Rami Arav discusses his excavations at et-Tell and a newly discovered moon god stele (Haaretz premium).

Excavations will not be possible at el-Araj (Bethsaida?) this summer because of the high water level. The article includes many photos.

NPR has a story on the Israeli and Jordanian sides of the tourist site for Jesus’s baptism, including a discussion of creating a new “soft crossing” to allow tourists to enter Jordan from the Israeli side.

A new study of the DNA of 35 fragments from the Dead Sea Scrolls is providing insight into the diverse origins of the parchments.

Mark Vitalis Hoffman has published an interesting article on “Jesus and Jerusalem and the ‘Things That Make for Peace.” He has also created a video to supplement the article.

Gabriel Barkay is on The Book and the Spade this week talking about the archaeology of Jerusalem’s Temple Mount.

Israel’s Good Name had a productive trip scouting out the birds and fish at the Beit Zayit Reservoir west of Jerusalem.

A Jerusalem Post piece looks at the resumption of tourism in Israel and the safety measures being put in place.

From boom to bust: with tourism in Israel all but gone, tour guides are considering their options.

The Winter 2019 issue of the ACOR Newsletter is now available (high-res; low-res).

The Bible and Interpretation provides a selection about ancient Moab and the Mesha Stele from the new book by Burton MacDonald.

Gulf News has a write-up on artifacts from Saudi Arabia that are featured in the traveling “Roads of Arabia” exhibit.

Smithsonian magazine has a long, well-illustrated piece on archaeological work in and around Aigai, Philip II’s capital of Macedon. A massive new museum is scheduled to open in January.

The latest historical city travel guide by the British Museum is of Athens in the 5th century BC.

Some stories on re-opening: excavations in Turkey, Vatican Museums, Rome’s Colosseum, Pompeii, Al Ula, Israel’s museums, the Temple Mount.

Two Asian lion cubs were recently born at the Jerusalem Biblical Zoo.

HT: Joseph Lauer, Chris McKinny, Agade, Keith Keyser, Steven Anderson, Charles Savelle, Explorator

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The Atlantic sews together the story of the “first-century Mark,” Hobby Lobby, and Dirk Obbink.

Stephen Oryszczuk takes a tour of the only accelerator mass spectrometry lab in the Middle East, and its contribution to ongoing archaeological excavations.

Scholars are studying erasures and corrections in the Leningrad Codex.

Ruth Schuster considers what caused the collapse of Byzantine farming in the Negev highlands.

Ianir Milevski and Liora Kolska Horwitz investigate the domestication of donkeys in the ancient Near East.

The summer issue of Biblical Archaeology Review includes articles on forced resettlement at Tel Hadid, old Christian manuscripts, and the scarab. (BAR appears to have quietly cut its number of issues each year from 6 to 4.)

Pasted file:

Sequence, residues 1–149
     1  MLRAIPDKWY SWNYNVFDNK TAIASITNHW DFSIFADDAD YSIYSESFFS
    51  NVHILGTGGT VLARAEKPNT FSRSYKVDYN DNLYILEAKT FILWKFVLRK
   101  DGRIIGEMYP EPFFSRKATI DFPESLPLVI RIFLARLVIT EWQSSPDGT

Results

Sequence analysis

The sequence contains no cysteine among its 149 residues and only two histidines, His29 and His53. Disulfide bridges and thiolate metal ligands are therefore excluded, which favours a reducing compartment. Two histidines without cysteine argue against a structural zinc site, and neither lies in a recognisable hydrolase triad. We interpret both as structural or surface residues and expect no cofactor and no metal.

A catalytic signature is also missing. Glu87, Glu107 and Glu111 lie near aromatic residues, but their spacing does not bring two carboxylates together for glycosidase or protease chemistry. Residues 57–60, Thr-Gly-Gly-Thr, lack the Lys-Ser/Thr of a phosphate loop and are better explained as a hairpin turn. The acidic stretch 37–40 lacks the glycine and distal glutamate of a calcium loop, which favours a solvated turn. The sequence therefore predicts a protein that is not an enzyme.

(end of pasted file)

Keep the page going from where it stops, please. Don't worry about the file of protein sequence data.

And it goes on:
The British Museum has created historical city travel guides to Nineveh in the 7th century BC and to Rome in the 1st century AD.

Pompeii Live, “the British Museum’s most popular exhibition of the last decade is set to return, in the form of an online broadcast” that will premiere on May 20.

Lachish is the subject of a 7-minute video, the latest in the Life Lessons from Israel series.

The Ancient World Online (AWOL) has now surpassed ten million page views.

Satire: Stanford will be offering a new course entitled “How to be a Gladiator,” and signed waivers will be required to enroll.

A NPR piece looks at what has happened with tourism at Petra, going from 8,000 people a day to zero. Now the place is being taken over by cats, sparrows, and wolves.

Assassin’s Creed Discovery Tours of Ptolemaic Egypt and Classical Greece are free through May 20. Explore those worlds in a “living museum.”

Accordance has photo resources related to biblical archaeology on sale.

There is no shortage of material for an archaeological biography of King Ahab.

Israel’s Good Name describes his university field trip to Tel Arad and Tel Beersheba.

To celebrate his birthday, Shmuel Browns drove up to Sussita and took some beautiful photos.

Church of the Holy Sepulcher locked, nf7550-sr_thumb[1]

All locked up: The Church of the Holy Sepulcher in Jerusalem, May 12, 2020

HT: Agade, Ted Weis, Keith Keyser, Joseph Lauer, Explorator, Brian Johnson

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“Scientists at the University of Chicago are developing a machine learning system that can automatically transcribe text found on ancient clay tablets.”

The Unionville Times offers a guide to virtual tours of museums in Europe and the US.

Colette J. Loll led the investigation into the forged Dead Sea Scrolls at the Museum of the Bible and she offers her assessment of the story.

Erin L. Thompson, a professor of art crime, discusses the cost of forgeries donated to museums.

Appian Media has begun a new podcast entitled “Digging Deeper” and hosted by Barry Britnell and Dan Kingsley. You can check out the trailer here.

Organising an Empire: The Assyrian Way” is a Massive Open Online Course (MOOC) taught by Karen Radner in six teaching units that take about 19 hours to complete. Began yesterday.

The current issue of Biblical Archaeology Review has been opened up for all to read.

Ferrell Jenkins shares “then and now” photos of the “Tomb of the Kings” in Jerusalem. See also Tom Powers’s extended comment about the date of the Pool of Hezekiah.

Israel’s Good Name went for a hike to Khirbet Luza, near Moza, and saw a striped hyena in the wild.

This year’s Infusion Bible Conference has been postponed. “Paul in His Roman World” will be the subject of the conference in June 2021.

Forthcoming: Has Archaeology Buried the Bible?, by William G. Dever

HT: Agade, Ted Weis